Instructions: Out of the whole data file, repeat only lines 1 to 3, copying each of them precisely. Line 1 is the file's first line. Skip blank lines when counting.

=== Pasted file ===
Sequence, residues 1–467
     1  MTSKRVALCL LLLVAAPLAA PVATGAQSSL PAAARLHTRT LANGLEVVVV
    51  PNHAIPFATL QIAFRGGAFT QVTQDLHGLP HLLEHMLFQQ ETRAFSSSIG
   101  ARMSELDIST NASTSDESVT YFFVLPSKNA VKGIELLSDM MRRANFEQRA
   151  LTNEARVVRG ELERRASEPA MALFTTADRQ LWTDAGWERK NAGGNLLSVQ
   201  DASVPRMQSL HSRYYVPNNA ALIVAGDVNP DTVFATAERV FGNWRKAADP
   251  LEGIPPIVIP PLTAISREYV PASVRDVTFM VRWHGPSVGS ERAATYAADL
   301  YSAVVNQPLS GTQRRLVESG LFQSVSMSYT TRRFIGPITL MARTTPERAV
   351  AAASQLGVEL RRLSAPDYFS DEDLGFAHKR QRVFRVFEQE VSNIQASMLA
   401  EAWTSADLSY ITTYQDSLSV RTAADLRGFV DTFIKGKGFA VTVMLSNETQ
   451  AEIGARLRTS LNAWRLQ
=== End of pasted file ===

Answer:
Sequence, residues 1–467
     1  MTSKRVALCL LLLVAAPLAA PVATGAQSSL PAAARLHTRT LANGLEVVVV
    51  PNHAIPFATL QIAFRGGAFT QVTQDLHGLP HLLEHMLFQQ ETRAFSSSIG